A job well planned is as good as a job well done

Among the list of reservation that the Joint Staff Advisory Note (JSAN) on the GTP that was authored by the IMF and the World Bank was the capacity of the public sector to carry an investment of such a huge magnitude. Furthermore, the assessment also noted series of black holes in the plan saying that it lacked appropriate monitoring and evaluating strategies, not to mention the finance sources. The critic carried more weight at the time as it was more focused on the grand scheme of the plan than the details.

In retrospect, the program budget model could have partly addressed these concerns since direct accountability and transparency are its main foundations. According to the pundits, program budgeting is a more evolved variant of performance-based budgeting. Efficient allocation of resources is it main attribute since result oriented provisions are better positioned to evaluate individual outcomes, pundits assert.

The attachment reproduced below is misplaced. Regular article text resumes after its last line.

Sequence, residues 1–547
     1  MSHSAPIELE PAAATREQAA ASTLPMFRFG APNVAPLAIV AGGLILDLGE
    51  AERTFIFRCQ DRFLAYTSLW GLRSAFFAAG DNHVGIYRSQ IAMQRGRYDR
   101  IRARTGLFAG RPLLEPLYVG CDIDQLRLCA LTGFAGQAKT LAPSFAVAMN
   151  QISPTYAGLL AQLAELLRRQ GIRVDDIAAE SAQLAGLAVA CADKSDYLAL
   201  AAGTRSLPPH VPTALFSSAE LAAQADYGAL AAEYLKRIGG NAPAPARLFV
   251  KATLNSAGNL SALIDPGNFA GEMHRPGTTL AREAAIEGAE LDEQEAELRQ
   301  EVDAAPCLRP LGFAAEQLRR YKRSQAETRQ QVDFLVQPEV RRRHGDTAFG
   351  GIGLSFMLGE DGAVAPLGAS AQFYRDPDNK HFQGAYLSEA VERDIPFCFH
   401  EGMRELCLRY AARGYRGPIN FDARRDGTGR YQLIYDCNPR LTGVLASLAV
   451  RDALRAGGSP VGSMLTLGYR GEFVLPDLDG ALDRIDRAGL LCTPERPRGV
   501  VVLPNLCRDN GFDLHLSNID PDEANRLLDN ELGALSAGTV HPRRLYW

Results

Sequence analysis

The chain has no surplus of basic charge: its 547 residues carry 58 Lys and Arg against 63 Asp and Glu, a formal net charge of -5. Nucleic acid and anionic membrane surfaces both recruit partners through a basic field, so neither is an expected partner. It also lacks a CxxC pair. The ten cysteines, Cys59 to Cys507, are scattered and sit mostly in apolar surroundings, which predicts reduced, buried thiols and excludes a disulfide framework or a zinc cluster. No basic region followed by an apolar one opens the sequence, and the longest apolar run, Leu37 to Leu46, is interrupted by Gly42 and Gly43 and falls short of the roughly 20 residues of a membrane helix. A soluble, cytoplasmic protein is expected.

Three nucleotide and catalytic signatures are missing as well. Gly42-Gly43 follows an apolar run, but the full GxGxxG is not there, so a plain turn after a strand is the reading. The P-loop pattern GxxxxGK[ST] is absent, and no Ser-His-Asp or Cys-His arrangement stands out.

Initiated by Prime Minister Meles Zenawi a few years ago, program budgeting entered into force starting the last budget year. And this year’s budget preparation was also conducted in line with the principle which was evident in the mention of few specific projects and program in the document. According to the ministry, the model elaborates on medium term (three years) spending plans of the government that is crafted in harmony with the five-year strategy. Indeed, most of the items that the next year’s budget carries are designed to facilitate the continuation of programs and budgets already under way. In this regard, the budget explicitly outlines some water irrigation projects, road infrastructure projects, higher learning and technical training expansion programs and projects and others can be seen in the document.